Probably my biggest regret of this past Sundance 2021 was not finding the time or ability to review even a single one of the multiple features I saw during that single week (though I am glad I was able to cover the short films selections), until far enough since the end of the festival that there was no relevance or point anymore. Maybe I can turn that around as they are wide released stateside, especially as it would give me a chance to refresh movies that were already fading by the time I could sit down and write again.
But one movie didn’t fade all that much. One movie, above all others, stayed embedded in my mind as I kept turning around it over and over until it finally got its expected release here (one of the movies that already had a distributor before it arrived to Sundance). And that was Ben Wheatley’s In the Earth, which heralded a return to form for Wheatley that rivals his early greatness (barring Happy New Year, Colin Burstead, which is my only gap among his features as it’s not yet released in the US).
In fact, it’s a movie that most feels in line with A Field in England, his 2013 rural period-based psychological hallucination that I frankly was not as impressed on first viewing with, but I do feel like I’d revisit with newfound appreciation in its untethered atmospheric madness. That movie begins with a sense of distance brought by its time setting and dreamy black-and-white and minimalist production design, In the Earth starts way differently. Its starting point is in fact extremely relatable to a viewer in early 2021, set in the middle of what is not identified as the COVID-19 pandemic but sounds eerily similar from how it’s discussed in dialogue (as one of several movies developed and produced during it) as scientist Martin Lowery (Joel Fry) prepares to move further beyond a unnamed government outpost into its neighboring forest with a local park guide Alma (Ellora Torchia). And if I’m being honest, that “a virus is happening” starting point may pull the viewer into the world but it’s also not particularly a committed element and the more In the Earth follows Martin and Alma through the woods… the less we have that virus as an urgent element. There’s more pressing matters to worry about.
The central matter is something I wouldn’t want to spoil, for a lot of In the Earth is trying to get us lulled into the rhythm of a quiet isolated trek through the woods – perfect for a film production made at a time where few people should be in close proximity to each other – and then have that violently swerved into something we couldn’t imagine. And Nick Gillespie’s soft photography of the oppressive greenery and shade does phenomenal work laying a tired shadow to Martin and Alma’s hike, seeking out Martin’s former colleague Dr. Olivia Wendle (Hayley Squires) and getting more and more nervous as they run into abandoned tents and a random habitant of the forest Zach (Reece Shearsmith) who gives off a plenty irregular enough vibe to make us prepped for something bad to happen.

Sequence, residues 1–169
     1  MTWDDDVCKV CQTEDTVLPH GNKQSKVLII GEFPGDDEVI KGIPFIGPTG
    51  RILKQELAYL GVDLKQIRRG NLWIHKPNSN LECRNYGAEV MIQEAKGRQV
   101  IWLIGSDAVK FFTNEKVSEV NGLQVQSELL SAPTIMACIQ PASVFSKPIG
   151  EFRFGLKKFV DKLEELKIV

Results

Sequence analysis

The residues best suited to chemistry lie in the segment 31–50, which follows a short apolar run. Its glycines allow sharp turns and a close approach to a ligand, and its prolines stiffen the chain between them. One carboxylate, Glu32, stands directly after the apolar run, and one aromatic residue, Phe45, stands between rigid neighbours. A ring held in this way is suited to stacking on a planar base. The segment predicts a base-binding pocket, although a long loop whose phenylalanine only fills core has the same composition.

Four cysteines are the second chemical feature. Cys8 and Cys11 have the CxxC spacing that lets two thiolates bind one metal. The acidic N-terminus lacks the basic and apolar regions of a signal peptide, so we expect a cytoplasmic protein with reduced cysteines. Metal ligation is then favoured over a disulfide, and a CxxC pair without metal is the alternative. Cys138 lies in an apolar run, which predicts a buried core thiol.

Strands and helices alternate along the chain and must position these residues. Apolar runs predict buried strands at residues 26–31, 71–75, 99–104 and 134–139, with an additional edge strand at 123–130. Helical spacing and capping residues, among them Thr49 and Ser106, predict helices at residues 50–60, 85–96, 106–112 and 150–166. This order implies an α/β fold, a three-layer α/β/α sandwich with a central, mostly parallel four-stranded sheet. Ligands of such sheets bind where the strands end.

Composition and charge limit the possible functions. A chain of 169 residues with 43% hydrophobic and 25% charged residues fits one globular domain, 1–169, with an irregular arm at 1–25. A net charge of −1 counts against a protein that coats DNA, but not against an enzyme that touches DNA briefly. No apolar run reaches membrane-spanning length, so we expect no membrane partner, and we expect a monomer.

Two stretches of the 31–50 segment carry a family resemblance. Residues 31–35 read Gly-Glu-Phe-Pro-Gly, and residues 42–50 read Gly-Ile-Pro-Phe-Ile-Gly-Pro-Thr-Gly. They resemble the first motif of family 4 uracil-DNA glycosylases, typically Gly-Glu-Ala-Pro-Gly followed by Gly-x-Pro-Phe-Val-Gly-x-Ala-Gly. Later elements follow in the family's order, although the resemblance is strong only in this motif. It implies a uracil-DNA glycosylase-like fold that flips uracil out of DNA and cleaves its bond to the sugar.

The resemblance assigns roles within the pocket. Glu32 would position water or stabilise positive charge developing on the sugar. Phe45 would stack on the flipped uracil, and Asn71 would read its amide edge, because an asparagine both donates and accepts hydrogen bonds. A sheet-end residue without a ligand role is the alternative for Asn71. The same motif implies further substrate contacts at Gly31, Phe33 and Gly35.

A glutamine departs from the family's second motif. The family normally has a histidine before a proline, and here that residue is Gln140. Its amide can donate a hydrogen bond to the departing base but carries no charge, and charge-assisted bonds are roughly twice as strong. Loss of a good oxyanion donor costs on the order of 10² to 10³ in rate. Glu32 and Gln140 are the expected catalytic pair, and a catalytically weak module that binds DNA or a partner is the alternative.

Well, this IS a horror movie so something bad happens. And Wheatley’s work as his own editor does so much to make the bad things interrupting the slow-running expedition truly feel discombobulated by the later shifts it takes, inviting us to expect some contagion-set Blair Witch material what with Alma’s explanation of an folklore by the name of Parnag Fegg and campfire lit sequences taking up the first third. But In the Earth is headed towards something more eagerly aggressive in its aesthetic that Gillespie (who at one point of heightened disorientation and terror utilizes diagetic bright strobe lighting that makes this impossible to tough for the photosensitive but for myself I found absolutely thrilling), Wheatley, and the soundtrack (eager to bring us aware of how impossible it is to truly have quiet in the woods, your isolation surrounded by rustling and chirps) all crank up with enough measurement to give the kaleidoscopic indulgences a true sense of climax by the final moments.
Arguably the only constant to In the Earth‘s shifts is Clint Mansell’s droning score which fits smoothly into the preceding worshipful nature footage and slides into the abstract madness that lives deeper and deeper in the runtime. The closest I’m willing to provide as a plot spoiler (and frankly something easy to predict with that plot summary) is how Squires and Shearsmith’s arrival on screen truly marks the moment things change gears. The two actors together are contradictory guides to the narrative context of what weirdness Wheatley and his crew throw at our face, both grounded in their own awe of the invisible cosmic horror atmosphere. Shearsmith, absolutely unrecognizable to me from the few previous works I’ve seen him in (his prior collaborations with Wheatley, Doctor Who), resembles what I’d expect a dark version of a Taika Waititi performance while Squires carries the concept of hard science-fiction and procedural to the uncertain tension surrounding them.
So basically Alma begins as our guide into the woods, but really this movie slips away from her control and ours. It belongs to Ben Wheatley finally finding himself back in the zone of surprise horror scenarios that he always did best flexing between Kill List, Sightseers, and A Field in England. I’m sure the past few years of him getting more of a budget to play with have been satisfying to get out of his system, but they didn’t result in very interesting or good movies. Sometimes all a person needs is a few humans, a vast space, and a limitless collection of sounds and filters to truly show us something terrifying. Looks like Wheatley and his crew made the most out of little.